When the South African president, Jacob Zuma, returned from the African Union summit last weekend, his press statement said almost nothing that could not have been written before he left. The summit decided nothing. Nor did the preceding 22nd session of the African Union Assembly. This was partly because the summit realised it could decide nothing about the burning issues, and partly because the AU Commission had prepared nothing by way of scenarios and options and costings for anything it thinks it could do about them.
The AU summit was a curious marriage of personalities – or perhaps a remarriage, since Zuma, anxious in 2012 to imprint the AU with a South African stamp, had by electoral power-play installed his ex-wife Nkosazana Dhlamini-Zuma as the commission’s chair. The South African power struggle against Jean Ping, the former Gabonese foreign minister who was chair of the AU Commission from 2008 to 2012, was fought because there was someone waiting in the wings; not someone better, but someone South African.
Ironically, the half-Chinese Ping would undoubtedly have made more sense as commission chair in an era where the Chinese loom larger than ever over Africa, and at a summit held in the gaudy Chinese-built complex that now houses the African Union in Addis Ababa. In addition, as a member of the Francophonie, Ping is someone with who the meltdowns in Mali and Central African Republic resonate strongly.
Behind the curve
The summit showed that African Union officials simply have not moved with the times. They didn’t recognise, even for a minute, the speed with which rebel formations in the Central African Republic and Mali were able to move, a pace that conventional armies with heavy equipment could never meet. Speed and mobility across borders are the essence of rebellion now. Interestingly (and for murky reasons still unexplained) it was South African commandos that were guarding CAR president Francoise Bozize when the Séléka – or Muslim rebels – struck at Bangui last year, cutting through the crack South African troops like a knife through butter. The mobility and concentration of the Séléka tactics left the South Africans and the very orthodox CAR army with no response.
Another lesson the union has yet to learn is that conflicts unfolding in this part of Africa are now almost always regional wars, not national ones. This was the case in Mali, where rebels drove down from Algerian mustering points, and were linked with Algerian rebels.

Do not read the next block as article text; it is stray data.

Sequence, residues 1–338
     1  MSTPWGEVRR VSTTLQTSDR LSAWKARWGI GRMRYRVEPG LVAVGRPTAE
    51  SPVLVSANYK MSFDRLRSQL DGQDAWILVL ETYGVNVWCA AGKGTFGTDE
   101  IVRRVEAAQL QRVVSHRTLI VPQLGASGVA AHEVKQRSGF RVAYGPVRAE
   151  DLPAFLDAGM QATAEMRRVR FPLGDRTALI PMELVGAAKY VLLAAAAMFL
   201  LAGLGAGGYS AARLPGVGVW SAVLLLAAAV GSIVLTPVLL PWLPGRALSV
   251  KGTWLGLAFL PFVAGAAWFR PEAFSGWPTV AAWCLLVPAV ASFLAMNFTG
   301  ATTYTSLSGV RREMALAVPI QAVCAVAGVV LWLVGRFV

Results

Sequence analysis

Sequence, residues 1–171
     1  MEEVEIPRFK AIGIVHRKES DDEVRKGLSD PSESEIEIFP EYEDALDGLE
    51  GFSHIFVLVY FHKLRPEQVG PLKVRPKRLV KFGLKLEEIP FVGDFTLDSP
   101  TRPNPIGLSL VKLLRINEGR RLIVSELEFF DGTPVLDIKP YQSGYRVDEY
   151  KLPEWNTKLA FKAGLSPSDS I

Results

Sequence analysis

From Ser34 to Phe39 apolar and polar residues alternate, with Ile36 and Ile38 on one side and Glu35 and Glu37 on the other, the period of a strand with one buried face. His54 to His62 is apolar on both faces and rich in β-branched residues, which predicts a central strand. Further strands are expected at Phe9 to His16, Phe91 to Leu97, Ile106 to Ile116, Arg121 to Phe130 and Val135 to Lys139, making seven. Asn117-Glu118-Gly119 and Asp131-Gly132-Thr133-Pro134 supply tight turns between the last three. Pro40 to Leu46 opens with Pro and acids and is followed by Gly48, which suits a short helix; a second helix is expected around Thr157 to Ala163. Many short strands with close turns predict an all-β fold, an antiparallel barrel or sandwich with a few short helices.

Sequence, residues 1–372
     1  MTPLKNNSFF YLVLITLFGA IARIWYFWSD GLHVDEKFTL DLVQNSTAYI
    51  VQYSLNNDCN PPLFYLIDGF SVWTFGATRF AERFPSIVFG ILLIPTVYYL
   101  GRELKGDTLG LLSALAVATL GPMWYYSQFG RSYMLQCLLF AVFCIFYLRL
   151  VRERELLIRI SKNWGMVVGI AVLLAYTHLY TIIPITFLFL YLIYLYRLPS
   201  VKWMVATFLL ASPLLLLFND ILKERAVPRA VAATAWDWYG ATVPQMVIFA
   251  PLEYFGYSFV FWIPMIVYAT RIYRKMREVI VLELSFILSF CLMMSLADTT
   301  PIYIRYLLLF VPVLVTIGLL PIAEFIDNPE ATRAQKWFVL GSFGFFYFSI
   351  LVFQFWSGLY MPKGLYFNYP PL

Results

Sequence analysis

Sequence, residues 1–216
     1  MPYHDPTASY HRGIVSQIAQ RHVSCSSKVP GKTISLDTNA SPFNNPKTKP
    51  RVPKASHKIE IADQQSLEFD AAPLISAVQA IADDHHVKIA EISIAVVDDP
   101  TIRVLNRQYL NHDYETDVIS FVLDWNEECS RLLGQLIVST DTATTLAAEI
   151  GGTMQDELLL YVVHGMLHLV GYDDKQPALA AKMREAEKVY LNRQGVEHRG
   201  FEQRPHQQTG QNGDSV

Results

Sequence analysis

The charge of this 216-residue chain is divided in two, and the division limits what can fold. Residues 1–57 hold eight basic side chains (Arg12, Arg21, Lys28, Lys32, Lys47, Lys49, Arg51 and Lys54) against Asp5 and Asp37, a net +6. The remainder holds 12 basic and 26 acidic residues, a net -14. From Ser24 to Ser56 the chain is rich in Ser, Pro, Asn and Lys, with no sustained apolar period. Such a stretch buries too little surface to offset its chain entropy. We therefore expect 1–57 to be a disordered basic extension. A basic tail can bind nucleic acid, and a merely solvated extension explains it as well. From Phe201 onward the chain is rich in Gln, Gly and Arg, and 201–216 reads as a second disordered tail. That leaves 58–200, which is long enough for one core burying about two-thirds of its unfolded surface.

Similarly, Chad is at the epicentre of many simultaneous central African conflicts. It borders Nigeria to its west, and the nearest Nigerian city, the university town Maiduguri, has experienced severe problems with jihadist group Boko Haram in recent months. It borders Sudan to its east, via its fraught western province of Darfur; indeed, when the French drove out Gaddafi’s forces from Chad in the 1980s, they crossed into Darfur and there became the antecedents of the Janjaweed, the militia used with such brutal ruthlessness by Sudanese president Omar al-Bashir. Chad was also where the Séléka rebels mustered, with a core of hardened Chadian fighters, for their onslaught on CAR to the country’s south.
But the African Union summit recognised none of this regional complexity, which it instead stubbornly depicted as a set of problems for individual countries. The diplomacy needed to grapple with multiplicities is beyond the commission’s chairman, and beyond the assembled presidents of a continent that knows it must settle its conflicts – but which cannot, in hard and fast terms, explain how.
As the presidents left Addis, a donor conference began which was meant to discuss how to finance peacekeeping and peacemaking forces. But, frankly, the commission should have had a whole set of financial options on the summit’s table well before it convened. The official theme of the summit was food security. Zuma spoke of that as he landed back in Johannesburg. But there are no actual plans laid about that either -– just some fine words about its importance.
As for that burning issue that confronted the assembling presidents: the question of what to do about South Sudan – the irony was that just a week before the summit, Addis Ababa was home to negotiations between the South Sudanese factions, with Ethiopian and Kenyan negotiators doing the work. In the city of the African Union, Madame Dhlamini-Zuma was nowhere in sight. Does she do anything? Can Jacob Zuma do anything? Can the union do anything? Right now, under the Chinese golden statue of President Nkrumah, no one does enough – and no one seems to want to.